Pixabay Images

Pixabay Images

Depression is sometimes categorised as a mental, rather than a physical illness – as though somehow mental health is different from physical health. But the brain is not a magical black box inside your head. It is an organ, just like the heart or lungs, made up of cells and supplied with blood.

These brain cells grow and develop, making contact with other brain cells to communicate with one another. They control all of our behaviour, emotions and actions. And sometimes they go wrong, leading to illnesses like depression.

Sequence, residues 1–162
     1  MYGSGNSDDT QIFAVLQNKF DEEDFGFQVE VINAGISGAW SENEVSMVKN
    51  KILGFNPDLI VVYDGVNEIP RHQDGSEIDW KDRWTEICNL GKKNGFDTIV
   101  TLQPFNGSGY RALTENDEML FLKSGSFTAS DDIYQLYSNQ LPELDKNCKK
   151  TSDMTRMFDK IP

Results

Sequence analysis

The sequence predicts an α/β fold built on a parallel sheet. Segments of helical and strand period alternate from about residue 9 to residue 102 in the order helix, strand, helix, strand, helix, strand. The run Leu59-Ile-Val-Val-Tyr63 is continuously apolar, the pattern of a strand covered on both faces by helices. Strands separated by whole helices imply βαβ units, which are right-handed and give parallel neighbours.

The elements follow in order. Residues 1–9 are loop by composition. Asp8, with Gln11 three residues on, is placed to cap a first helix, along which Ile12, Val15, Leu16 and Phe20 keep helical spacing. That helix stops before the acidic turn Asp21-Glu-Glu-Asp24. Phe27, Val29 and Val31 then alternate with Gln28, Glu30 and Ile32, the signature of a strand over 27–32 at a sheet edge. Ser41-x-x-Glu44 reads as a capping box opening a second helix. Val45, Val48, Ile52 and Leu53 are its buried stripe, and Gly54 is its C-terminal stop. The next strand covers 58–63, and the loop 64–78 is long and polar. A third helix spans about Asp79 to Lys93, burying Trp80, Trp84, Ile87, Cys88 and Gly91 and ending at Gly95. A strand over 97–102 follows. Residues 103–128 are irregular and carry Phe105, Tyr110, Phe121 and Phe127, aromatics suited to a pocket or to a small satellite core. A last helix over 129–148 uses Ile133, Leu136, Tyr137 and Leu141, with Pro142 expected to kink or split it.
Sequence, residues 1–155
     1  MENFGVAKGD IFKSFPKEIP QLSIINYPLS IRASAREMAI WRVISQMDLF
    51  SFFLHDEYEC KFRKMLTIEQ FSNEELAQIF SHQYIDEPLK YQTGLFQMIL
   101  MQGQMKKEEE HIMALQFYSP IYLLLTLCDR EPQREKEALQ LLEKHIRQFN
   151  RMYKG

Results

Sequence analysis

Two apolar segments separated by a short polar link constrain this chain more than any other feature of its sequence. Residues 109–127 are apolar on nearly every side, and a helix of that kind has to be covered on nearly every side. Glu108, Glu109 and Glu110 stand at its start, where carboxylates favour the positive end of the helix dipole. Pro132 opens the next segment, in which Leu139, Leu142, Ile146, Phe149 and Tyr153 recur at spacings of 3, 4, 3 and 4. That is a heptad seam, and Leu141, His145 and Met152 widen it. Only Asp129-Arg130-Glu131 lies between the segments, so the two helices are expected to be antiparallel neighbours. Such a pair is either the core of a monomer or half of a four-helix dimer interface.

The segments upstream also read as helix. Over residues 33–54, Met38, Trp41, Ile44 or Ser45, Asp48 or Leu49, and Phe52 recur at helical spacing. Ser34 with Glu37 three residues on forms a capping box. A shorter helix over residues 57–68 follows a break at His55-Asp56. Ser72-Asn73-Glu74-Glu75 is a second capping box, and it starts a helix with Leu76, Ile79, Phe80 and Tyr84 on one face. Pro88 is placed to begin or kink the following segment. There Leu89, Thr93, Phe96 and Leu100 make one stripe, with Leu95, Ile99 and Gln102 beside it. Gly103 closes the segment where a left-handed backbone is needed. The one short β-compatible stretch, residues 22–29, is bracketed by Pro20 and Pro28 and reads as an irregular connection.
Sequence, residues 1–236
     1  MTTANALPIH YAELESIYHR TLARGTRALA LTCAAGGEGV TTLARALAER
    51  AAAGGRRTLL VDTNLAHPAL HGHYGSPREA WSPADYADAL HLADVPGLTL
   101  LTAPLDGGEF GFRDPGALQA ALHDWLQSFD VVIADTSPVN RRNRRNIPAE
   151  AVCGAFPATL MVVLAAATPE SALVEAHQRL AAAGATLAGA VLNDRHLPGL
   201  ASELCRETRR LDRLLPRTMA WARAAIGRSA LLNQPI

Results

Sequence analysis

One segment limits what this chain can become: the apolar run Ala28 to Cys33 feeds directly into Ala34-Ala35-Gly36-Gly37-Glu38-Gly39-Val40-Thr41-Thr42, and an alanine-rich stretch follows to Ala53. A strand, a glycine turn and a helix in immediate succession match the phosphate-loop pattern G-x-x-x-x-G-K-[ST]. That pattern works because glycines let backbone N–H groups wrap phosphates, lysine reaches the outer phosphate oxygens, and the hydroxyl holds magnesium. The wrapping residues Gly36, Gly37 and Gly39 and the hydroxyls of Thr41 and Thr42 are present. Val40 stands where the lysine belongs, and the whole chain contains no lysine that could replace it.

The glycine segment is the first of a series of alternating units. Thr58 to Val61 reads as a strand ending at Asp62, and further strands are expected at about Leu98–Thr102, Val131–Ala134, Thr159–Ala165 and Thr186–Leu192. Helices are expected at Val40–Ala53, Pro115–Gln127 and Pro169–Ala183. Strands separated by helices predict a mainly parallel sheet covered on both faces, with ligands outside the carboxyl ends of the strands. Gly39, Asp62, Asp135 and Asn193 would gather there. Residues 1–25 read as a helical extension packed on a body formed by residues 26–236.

Depression does run in families, which could mean depression is genetic, an inherited condition. But families don’t just share genes – they also experience a similar environment. So how can we separate genetic influences on depression from environmental factors?

– Sarah Bailey

Read more: The Conversation: Why isn’t there a gene for depression?